Understanding townships in Michigan
State laws direct township government functions.
The Michigan Constitution of 1963 recognizes various units of government within the state. Article VII of the constitution, entitled Local Government, authorizes the establishment of counties, townships, cities and villages. The U.S. Bureau of the Census offers a definition of Michigan townships:
There are 1,123 townships and 117 charter townships which are all actively functioning governmental units. Townships are the original units of government formed in the state. Typically, though not always, townships are 36 square miles in size. Each township is governed by a board of trustees consisting of the township supervisor, township clerk, township treasurer, and two or four elected trustees. The entire state is covered by township governments except for areas within cities.
State laws authorize both types of Michigan townships to perform mandated and permissive functions.
Mandated Functions are activities that townships are required to perform. The three broadest mandated responsibilities are assessment administration, elections administration and tax collection. In addition to these broad mandates, there are other more narrow state requirements. Procedures for the township’s financial administration, such as budgets, accounting, investments and deposits, are closely regulated by the state. Township meetings must comply with Michigan’s Open Meetings Act and township records must be stored and made available in conformance with specific laws, such as the Freedom of Information Act.
In addition to the above required duties, Michigan townships are authorized to provide a wide variety of services that are generally expected from governmental entities. Virtually all townships provide fire protection and many also offer law enforcement as well. Other common programs include parks and recreation opportunities, public water and sewer services, trash collection and recycling programs, sidewalks and trails and cemeteries.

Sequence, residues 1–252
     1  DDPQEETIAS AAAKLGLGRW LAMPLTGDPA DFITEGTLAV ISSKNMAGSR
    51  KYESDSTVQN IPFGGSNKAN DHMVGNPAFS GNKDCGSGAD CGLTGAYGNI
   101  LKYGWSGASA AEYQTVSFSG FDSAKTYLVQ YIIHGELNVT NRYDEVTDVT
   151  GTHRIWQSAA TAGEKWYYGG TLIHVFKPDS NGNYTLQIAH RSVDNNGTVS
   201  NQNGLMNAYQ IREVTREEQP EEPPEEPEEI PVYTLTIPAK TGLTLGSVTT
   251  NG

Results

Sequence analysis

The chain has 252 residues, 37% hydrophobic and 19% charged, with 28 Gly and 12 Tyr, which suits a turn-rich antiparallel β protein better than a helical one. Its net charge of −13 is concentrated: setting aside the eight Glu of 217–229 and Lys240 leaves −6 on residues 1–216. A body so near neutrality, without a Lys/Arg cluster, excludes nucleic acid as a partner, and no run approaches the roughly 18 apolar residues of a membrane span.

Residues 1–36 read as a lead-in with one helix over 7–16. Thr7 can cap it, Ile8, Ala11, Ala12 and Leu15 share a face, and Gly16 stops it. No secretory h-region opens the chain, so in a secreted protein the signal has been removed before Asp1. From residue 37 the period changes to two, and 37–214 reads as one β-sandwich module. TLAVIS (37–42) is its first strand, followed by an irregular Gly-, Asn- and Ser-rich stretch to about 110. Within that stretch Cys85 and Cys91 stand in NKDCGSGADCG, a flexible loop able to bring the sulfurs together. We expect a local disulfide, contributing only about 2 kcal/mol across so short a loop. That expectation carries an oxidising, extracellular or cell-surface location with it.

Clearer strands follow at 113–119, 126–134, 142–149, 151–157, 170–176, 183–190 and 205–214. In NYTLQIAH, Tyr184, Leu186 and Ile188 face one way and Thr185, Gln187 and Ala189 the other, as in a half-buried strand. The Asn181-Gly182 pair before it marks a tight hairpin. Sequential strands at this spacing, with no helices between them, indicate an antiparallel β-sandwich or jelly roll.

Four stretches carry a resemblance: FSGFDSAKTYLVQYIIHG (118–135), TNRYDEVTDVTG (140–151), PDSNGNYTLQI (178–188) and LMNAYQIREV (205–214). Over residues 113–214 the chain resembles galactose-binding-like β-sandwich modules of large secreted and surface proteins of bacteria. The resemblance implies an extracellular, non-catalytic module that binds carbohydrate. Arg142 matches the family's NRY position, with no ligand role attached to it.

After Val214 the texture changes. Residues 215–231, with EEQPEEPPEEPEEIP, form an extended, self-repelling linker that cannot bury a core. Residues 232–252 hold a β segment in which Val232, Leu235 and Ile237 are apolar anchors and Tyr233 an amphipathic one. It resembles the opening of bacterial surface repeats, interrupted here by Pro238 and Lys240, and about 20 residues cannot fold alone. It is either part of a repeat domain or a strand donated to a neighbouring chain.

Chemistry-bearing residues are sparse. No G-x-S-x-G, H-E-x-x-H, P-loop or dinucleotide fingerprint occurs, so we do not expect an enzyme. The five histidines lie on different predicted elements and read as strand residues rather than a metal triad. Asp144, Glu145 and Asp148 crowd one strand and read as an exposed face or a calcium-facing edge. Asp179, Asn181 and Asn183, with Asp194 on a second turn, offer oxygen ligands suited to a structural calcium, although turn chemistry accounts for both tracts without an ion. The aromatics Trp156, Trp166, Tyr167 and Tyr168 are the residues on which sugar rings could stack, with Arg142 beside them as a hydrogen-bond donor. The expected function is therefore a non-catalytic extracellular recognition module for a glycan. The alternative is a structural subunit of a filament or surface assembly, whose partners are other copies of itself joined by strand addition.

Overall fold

Townships have broad powers to enact and enforce ordinances, such as zoning and planning and may utilize other sources of revenue to support services. User fees, permits, fines and special assessments on real property are common sources of income generation.
According to the Charter Township Act, a township with a population of 2,000 or more inhabitants (according to the most recent regular or special federal or state census) may incorporate as a charter township. The charter township shall be a municipal corporation, to be known and designated as the charter township of_______. The charter township, its inhabitants and its officers shall have, except as otherwise provided in this act, all the powers, privileges, immunities and liabilities possessed by a township, its inhabitants and its officers by law. Charter townships may do so by either a vote of its board or the members of the township.
Charter township status is a special township classification created by the Michigan Legislature in 1947 to provide additional powers and streamlined administration for governing a growing community. A primary motivation for townships to adopt the charter form is to provide greater protection against annexation by a city. As of 2011, 138 Michigan townships were charter townships.
The Michigan Townships Association offers great resources to learn more about township government including resources for educators.
The Michigan State University Extension Government and Public Policy team offers training for elected and appointed officials for improved effectiveness in several areas, including various public policy issues and effects of government programs, regulation, incentives, strategies and more. By working together with local elected and appointed officials, and interested citizens, MSU Extension is able to provide education on critical local and state issues.The MSU Extension Government and Public Policy team also offers professional training in Parliamentary Procedure.